Thursday, July 4, 2019

What I've learnt completing 100 Alteryx Weekly Challenges

So I have finally earned my Community badge for completing 100 weekly challenges.

Community Badges

So while hitting this milestone I thought it would be worthy analysing what's involved and highlighting some hints and tips I've picked up as part of participating in the weekly challenges, as I find these are a great learning resource for covering areas of the software which I may not ordinarily utilise as part of my day job!

Weekly Challenges are not that time consuming!

So firstly I want to highlight that the Weekly Challenges are not too time consuming, and most solutions need only a few tools to complete.  Looking at my solutions, the simplest workflow contains just one formula tool (excluding the text inputs, comment boxes and the browse tools) to the most complex requiring 64 tools (Challenge 165), with an average of 12 tools. I don't know my total time to complete the challenges, but I did my first challenge in August 2018, so it's taken me 307 days to complete 100 challenges, with a few intensive stints and some periods of not many completions.
  Capture

There's several challenges which I've completed in under 2 minutes, and along with a couple of colleagues at work we do the challenges Grand Prix style to add an element of competition.

It allows you to discover tools you may have never used before

So if I take a look at the tool categories I have used across these 100 challenges*, I can see that the majority fall under categories like Preparation, Join, Transform and Parse, but I've also used things like the Calgary tools which I've never used outside of the Weekly Challenges. Capture2Capture3 *at the time of writing I've actually completed 102 challenges, and the macro results therefore reflects this.

Now some tips and tricks

I've been back over some challenges to identify some techniques which may be considered intermediate level to assist with transformations. What is great is once you've used these techniques once and understand how they work you'll end up going back to them again and again.

Text to rows

Coming from Excel, many Alteryx users will be familiar with text to columns where you split a string based on a delimiter to new columns (common where the input is a comma delimited file). However one useful function in Alteryx is split to rows, I have used this on Challenge 139 where a benefit of using split to rows is to keep the data in one field, so the numbers can be parsed out in the next step. Capture4Capture5

I've also talked about how using splitting to rows can make a workflow more dynamic in another blog post, as it doesn't require knowing how many columns you need to split the field into.

Regex tokenise

So similar to splitting to rows on a delimiter is using the regex tool when there might not be a delimiter. In the case of Challenge 59, where I needed to whether words in two fields were an anagram of each other. To solve this, I split every character for each record to a new row, and from there sort the letters and then concat them back and if they match then it's an anagram.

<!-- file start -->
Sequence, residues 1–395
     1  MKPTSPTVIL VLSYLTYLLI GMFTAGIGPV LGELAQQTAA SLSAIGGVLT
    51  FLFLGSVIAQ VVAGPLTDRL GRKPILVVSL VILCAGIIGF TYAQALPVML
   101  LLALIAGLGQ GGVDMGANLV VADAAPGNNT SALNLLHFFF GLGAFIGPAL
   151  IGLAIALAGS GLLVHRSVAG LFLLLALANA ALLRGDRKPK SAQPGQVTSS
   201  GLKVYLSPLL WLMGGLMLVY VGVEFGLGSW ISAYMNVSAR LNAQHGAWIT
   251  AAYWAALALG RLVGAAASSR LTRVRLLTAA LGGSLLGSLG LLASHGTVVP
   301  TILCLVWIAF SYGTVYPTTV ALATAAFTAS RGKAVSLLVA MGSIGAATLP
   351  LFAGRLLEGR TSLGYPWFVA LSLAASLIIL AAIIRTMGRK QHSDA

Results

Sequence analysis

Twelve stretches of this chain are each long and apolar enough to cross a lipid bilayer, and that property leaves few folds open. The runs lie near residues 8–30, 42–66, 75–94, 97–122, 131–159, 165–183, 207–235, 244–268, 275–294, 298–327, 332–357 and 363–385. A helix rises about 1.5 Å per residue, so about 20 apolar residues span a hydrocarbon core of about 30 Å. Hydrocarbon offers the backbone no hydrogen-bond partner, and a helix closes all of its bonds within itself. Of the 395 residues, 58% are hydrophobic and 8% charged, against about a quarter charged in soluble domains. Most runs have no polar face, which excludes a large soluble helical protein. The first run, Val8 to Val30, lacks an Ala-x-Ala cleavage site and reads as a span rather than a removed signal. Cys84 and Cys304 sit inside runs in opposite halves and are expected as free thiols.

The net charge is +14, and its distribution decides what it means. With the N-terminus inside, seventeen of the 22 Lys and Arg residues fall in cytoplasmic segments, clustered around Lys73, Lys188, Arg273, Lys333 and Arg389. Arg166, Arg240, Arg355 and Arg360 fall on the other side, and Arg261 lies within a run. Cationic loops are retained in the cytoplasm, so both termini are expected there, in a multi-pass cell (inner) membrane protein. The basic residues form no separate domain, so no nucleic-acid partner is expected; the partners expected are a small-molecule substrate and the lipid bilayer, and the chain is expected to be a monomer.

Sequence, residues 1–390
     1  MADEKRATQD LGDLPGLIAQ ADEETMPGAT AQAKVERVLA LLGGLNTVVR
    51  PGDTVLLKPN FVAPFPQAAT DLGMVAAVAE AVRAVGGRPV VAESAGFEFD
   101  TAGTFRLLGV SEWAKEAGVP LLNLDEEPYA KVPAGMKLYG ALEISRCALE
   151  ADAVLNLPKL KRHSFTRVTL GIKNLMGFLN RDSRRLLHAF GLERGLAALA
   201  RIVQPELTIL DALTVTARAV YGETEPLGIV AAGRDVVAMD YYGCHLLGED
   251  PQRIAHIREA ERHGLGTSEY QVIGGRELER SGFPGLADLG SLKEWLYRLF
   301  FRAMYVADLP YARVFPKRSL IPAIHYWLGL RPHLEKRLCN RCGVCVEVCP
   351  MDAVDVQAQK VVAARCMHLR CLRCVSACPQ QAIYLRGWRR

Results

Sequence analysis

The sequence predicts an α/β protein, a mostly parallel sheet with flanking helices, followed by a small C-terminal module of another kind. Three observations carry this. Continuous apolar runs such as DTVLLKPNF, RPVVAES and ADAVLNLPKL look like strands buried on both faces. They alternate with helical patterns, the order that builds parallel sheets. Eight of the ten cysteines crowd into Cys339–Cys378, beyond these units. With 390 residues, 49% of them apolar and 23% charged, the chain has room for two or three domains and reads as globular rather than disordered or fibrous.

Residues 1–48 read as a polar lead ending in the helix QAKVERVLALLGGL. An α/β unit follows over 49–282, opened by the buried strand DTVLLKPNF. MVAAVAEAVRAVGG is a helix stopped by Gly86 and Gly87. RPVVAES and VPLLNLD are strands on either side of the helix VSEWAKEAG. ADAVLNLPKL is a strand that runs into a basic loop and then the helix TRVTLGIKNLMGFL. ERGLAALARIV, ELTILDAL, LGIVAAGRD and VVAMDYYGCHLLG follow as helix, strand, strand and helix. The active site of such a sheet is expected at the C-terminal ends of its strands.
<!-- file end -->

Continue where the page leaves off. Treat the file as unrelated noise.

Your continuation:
Modulo

The modulo function is used in Tableau when building small multiple charts, and I used it a lot when doing Advent of Code. What modulo gives you is the denominator of the fraction in the remainder as part of a division. For example the modulo of the value 9 when divided by 4 is 1 as 9/4 = 2 1/4. In Alteryx this is done as part of the formula tool and the syntax is mod([Field],divisor). I used modulo in Challenge 21 to restart the numbering of the records every 12th record as this represented each month of the years 2007 - 2008. So here, I had records 1 - 24 and what I wanted was the numbering to go 1 - 12 for 2007 and then repeat 1 - 12 for 2008. So here the formula tool was used to update the RecordID field with the following function:

mod([RecordID]-1,12)+1

This then allowed me to join the numbers 1 - 12 on a text input to get the months January - December.



Reverse String

So this is a string based function which reverses the order of every character in a string. I found this really useful in Challenge 40 which involved parsing web html data. Again coming from Excel I'm familiar with using Left, Right and Mid (substring in Alteryx) functions to return a certain number of characters, but what I wanted to find every character after the last '>' however the position of this varied by record. An example of the full string is as follows:
So from this I needed a way of identifying the position of the > before Brett Abernathy so that I could get the Doctor's name and discard the rest of the string. The resulting formula was as follows:

 
substring([Doctor Name],IIF(FindString([Doctor Name], ">") > -1, Length([Doctor Name]) - FindString(ReverseString([Doctor Name]), ReverseString(">")), -1),length([Doctor Name]))

So this is used FindString to find the position of the ">", but as it works left to right you reverse the string so the last ">" becomes the first.

So to round this all up

I hope you've found these techniques are useful and will be able to use them, so go ahead and use them in your day to day Alteryx work and in weekly challenges and it encourages you to attempt more weekly challenges to discover some of your own new techniques.        

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